To qualify for funding consideration from The Long Foundation, the program to be funded must meet the following:

  • The program must be directed toward benefiting Texas youths;
  • The program must target youths in the Austin Metropolitan area, except in limited circumstances as directed by the Foundation's Board of Directors;
  • At least 75% of the youths targeted by the program must be Hispanic;
  • The program must be directed at fulfilling one of the aforementioned Five Promises of America’s Promise;
  • The program must be of a charitable intent; and
  • The program must identify measurable goals and agree to monitor results.


Please note that while the program must be directed at Texas youth, "youth" is not limited to minors (those under 18 years of age).  The Long Foundation recognizes that the achievement of obtaining marketable skills does not necessarily end when a person reaches the age of 18.  Youths may include people seeking to advance their education while in their 20’s. Additionally, children may benefit from programs that benefit others, such as parents, and/or guardians.

It is also important to note that this program is not necessarily limited to benefiting only Hispanic youths. While the primary purpose of this program is to help Hispanic youths, grants made to such qualifying programs can be used to benefit everyone participating in those programs. However, at least, 75% of the youth "population" targeted by the initiative must be Hispanic. The youths targeted or involved in a particular program define the "population" of that program. Consequently, the population depends upon the program itself and its specific goal. Specific areas of a program (such as a specific school, branch, zip code, etc.) may be used to qualify for funding for that particular component or portion of the program.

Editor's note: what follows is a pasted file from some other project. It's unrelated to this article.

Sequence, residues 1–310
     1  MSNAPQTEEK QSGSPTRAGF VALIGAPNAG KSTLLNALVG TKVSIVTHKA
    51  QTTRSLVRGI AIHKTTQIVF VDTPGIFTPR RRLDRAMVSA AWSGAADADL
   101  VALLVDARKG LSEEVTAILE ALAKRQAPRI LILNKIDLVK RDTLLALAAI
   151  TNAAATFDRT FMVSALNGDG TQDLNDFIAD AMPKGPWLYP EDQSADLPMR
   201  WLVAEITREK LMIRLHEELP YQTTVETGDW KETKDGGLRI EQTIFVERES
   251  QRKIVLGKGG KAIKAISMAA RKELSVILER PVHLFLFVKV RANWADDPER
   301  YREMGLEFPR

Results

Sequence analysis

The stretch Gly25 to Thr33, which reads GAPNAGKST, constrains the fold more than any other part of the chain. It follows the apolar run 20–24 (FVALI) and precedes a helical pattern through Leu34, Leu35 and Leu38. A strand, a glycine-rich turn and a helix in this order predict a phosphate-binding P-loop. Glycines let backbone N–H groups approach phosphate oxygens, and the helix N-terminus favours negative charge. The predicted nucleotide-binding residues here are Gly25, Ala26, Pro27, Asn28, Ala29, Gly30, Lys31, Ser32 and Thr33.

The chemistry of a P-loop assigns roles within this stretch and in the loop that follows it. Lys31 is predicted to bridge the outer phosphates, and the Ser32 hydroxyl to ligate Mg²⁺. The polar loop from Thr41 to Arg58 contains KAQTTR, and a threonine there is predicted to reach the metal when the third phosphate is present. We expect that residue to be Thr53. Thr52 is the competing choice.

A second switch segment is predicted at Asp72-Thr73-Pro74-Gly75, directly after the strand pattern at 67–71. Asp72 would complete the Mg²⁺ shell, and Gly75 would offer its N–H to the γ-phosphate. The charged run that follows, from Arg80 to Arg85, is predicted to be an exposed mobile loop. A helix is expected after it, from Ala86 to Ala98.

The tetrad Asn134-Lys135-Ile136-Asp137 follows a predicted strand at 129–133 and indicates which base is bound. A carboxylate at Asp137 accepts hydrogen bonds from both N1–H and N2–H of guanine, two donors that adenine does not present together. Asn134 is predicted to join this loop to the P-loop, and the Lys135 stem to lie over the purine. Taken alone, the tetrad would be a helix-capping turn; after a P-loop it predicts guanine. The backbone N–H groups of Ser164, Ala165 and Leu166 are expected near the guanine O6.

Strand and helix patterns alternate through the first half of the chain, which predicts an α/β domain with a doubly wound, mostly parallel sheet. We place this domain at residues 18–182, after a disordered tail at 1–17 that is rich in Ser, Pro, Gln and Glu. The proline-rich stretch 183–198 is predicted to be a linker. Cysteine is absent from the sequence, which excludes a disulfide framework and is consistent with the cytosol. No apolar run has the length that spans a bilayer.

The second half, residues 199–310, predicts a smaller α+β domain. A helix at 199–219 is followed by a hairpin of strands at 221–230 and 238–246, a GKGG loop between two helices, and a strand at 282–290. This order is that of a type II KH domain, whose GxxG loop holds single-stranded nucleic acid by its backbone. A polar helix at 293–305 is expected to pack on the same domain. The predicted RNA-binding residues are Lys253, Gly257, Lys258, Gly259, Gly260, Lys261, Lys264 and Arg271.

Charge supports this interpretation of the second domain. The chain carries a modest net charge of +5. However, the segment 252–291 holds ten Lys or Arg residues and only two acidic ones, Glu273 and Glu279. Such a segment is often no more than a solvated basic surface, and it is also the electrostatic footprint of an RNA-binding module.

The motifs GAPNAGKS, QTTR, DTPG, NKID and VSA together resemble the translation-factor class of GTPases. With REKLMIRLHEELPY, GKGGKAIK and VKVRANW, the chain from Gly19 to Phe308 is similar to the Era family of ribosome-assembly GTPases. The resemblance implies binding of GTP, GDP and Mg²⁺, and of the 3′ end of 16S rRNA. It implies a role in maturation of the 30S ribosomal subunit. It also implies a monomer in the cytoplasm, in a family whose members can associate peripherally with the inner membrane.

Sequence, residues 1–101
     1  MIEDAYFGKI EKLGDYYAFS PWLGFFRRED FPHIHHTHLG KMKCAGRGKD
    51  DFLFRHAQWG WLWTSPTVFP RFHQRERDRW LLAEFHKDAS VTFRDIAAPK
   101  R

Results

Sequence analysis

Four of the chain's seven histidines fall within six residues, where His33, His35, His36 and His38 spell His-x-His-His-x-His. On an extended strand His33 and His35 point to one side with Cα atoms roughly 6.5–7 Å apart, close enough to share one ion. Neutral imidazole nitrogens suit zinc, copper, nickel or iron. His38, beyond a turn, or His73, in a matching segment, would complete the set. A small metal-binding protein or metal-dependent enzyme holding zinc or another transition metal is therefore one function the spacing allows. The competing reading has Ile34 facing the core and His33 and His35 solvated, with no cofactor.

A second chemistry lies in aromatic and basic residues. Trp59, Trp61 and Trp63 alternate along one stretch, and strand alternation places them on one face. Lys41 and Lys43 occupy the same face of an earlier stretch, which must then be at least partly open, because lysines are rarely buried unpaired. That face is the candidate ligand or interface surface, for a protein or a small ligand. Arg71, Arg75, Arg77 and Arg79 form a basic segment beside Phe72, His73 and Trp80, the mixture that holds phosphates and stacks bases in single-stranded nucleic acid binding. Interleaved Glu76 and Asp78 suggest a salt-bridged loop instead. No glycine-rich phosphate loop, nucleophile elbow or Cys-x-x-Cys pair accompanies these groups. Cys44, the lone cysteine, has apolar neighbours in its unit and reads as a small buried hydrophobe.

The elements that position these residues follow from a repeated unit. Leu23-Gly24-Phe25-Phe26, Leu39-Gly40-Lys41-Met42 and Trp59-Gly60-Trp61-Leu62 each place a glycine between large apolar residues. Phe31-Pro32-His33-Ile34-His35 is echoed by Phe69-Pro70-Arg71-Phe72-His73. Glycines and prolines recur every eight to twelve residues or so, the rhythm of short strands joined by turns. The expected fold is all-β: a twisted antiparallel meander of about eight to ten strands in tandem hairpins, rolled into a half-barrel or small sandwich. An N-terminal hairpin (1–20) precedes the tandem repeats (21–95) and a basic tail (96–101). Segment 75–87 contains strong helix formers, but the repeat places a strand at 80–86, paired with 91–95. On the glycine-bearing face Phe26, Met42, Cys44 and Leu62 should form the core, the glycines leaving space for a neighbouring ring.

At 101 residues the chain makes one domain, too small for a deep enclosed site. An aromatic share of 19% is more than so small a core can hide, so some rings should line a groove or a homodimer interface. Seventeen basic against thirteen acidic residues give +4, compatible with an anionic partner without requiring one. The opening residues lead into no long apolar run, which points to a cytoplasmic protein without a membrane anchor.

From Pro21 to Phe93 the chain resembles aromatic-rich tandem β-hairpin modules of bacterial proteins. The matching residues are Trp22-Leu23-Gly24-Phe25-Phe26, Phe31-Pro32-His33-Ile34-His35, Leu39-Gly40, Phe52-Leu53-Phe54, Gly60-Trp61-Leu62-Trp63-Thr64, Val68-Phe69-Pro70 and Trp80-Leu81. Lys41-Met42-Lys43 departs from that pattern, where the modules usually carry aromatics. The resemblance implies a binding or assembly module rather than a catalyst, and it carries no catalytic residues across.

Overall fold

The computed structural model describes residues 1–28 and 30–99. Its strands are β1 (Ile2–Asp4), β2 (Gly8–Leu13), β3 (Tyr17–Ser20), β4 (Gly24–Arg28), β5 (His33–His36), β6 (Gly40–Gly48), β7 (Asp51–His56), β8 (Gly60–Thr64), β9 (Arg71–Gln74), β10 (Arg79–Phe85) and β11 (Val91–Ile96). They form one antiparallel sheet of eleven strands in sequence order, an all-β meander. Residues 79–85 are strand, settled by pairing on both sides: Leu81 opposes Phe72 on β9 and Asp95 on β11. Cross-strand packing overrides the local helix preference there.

Grant Application Process

The Long Foundation is sensitive to the workload of potential grantees. Our staff is also limited in the amount of work and information it can process effectively. As a result, The Long Foundation has developed a two-step application process. In prior years, this involved a pre-grant application followed by a formal grant application. Now, The Long Foundation is using the common grant application and reporting forms created by the Central Texas Education Funders Group. It is important to note that while these forms were developed by the Central Texas Education Funders Group, they are designed to be general in nature so that they can be used by organizations seeking funding for most charitable purposes or events. These Common Grant forms (which currently include a Letter of Inquiry form (a/k/a Step 1), a Grant Application form (a/k/a Step 2), Instructions and a Glossary of Terms, and a Common Reporting form) were created with the goal of simplifying the grant application and inquiry process for non-profits and charitable organizations in the Austin area by standardizing, to an extent, the process. Hopefully, this will reduce the work non-profits and charitable organizations as they apply to the funders of the Austin area.